Burning Man sets the world aflame

In its last weekend of exhibition, I ventured down to the Cincinnati Art Museum to witness firsthand some of the magic from the notorious Burning Man.
When I first walked in, I felt like I had stepped into another realm. Big, illuminated mushroom sculptures opened and closed their caps above me like a living, breathing forest. However, they were far from being alive. Constructed out of panels of corrugated plastic, steel and neon lights, these art pieces were one of many featured in this past year’s Burning Man Festival, themed “No Spectators.” Like many readers, I am sure, I had little background knowledge on what exactly took place at this desert art show. The original “Burning Man” was made by a small group of artists and countercultural eclectics, mainly from the San Francisco area. They took their statue to Baker Beach on Labor Day of 1986 to light it on fire. The burning became a tradition among the artists every year after attracting many Californians to witness it.
As crowd sizes increased, relocation was inevitable. Thus, in 1990, all were invited to spend their Labor Day weekend in Black Rock, Nevada — home to nothing but expansive flat desert. Since then, the first group of 80 has grown to over 70,000 participants annually, leaving many coveting the tickets they could not attain.
Simply put, the festival is an eccentric art show. Artists have been known to spend their whole year building massive sculptures, projects and presentations just to caravan their work to Burning Man. These artists, typically called “Burners,” insist that their pieces be interactive. In the Cincinnati exhibit, I witnessed a trailer made to look like a vintage theater, silent film with velvet stadium seating included. Another piece was an LED kaleidoscope of colors mounted to the ceiling, inviting participants to lay down and watch the images bend overhead.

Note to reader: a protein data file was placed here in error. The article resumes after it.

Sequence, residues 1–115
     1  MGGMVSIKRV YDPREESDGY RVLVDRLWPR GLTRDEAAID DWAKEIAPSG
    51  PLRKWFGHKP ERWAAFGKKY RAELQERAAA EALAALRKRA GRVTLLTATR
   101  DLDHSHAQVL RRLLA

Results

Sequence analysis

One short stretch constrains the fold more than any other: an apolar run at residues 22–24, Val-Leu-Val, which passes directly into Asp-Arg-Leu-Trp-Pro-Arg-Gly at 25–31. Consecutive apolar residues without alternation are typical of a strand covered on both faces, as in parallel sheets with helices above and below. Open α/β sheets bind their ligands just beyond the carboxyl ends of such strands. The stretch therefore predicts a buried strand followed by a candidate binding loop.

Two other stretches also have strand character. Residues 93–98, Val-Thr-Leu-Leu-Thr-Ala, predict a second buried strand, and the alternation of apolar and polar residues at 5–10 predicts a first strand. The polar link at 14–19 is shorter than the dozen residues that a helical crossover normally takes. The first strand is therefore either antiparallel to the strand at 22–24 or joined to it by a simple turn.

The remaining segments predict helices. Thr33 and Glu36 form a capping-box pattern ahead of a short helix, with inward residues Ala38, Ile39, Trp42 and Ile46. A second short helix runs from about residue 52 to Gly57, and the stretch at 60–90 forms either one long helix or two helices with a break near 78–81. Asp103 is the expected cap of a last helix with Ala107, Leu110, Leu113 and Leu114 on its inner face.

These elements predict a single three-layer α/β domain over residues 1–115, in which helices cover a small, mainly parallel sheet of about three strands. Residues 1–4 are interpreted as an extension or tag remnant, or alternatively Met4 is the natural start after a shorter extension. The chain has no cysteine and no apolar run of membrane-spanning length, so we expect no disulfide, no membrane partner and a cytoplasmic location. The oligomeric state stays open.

At the festival, the only expectation of participants is to live under the ten principles: radical inclusion, gifting, decommodification, radical self-reliance, radical self-expression, communal effort, civic responsibility, leaving no trace, participation and immediacy. From these guidelines, a dazzling array of people — just as strange and diverse as the art they make — is born. From my perspective, they see art as an experience rather than an observation, seeping their creativity into the core of who they are.
In addition to the construction of “the Man,” a team also builds what is called “the Temple” each year, giving a deeply spiritual aspect to the festival. Here, the ruckus of the festival is softened into contemplative silence. Burners are invited to write letters to their past selves, names of loved ones they have lost or worries that they are unable to let go. On the last night of the festival, a more serene ceremony occurs: the burning of the Temple.
People gather in respect for each other, honoring their losses and letting go. Described as a very cathartic experience, I believe the emotional care that Burning Man offers is what entreats newcomers and retains the existing population of Burners.
A large wall entitled “Before I die, I want to…” concludes the exhibit and invites guests to write their responses in chalk. As I glanced over the overlapping responses, I had to hold back tears. “I want to be the man my wife married,” one person had written while many others said they wanted to travel or live without fear.
The mission of Burning Man that I had been trying to grasp all afternoon had finally set in: I understood how this experience can transform one’s life. In that instance, I felt as if I were truly a part of something greater, like the way one feels close to the ocean when they hold a conch shell to their ear and close their eyes, or perhaps, like a fire was burning inside me.

By Aleya Justison | Guest Writer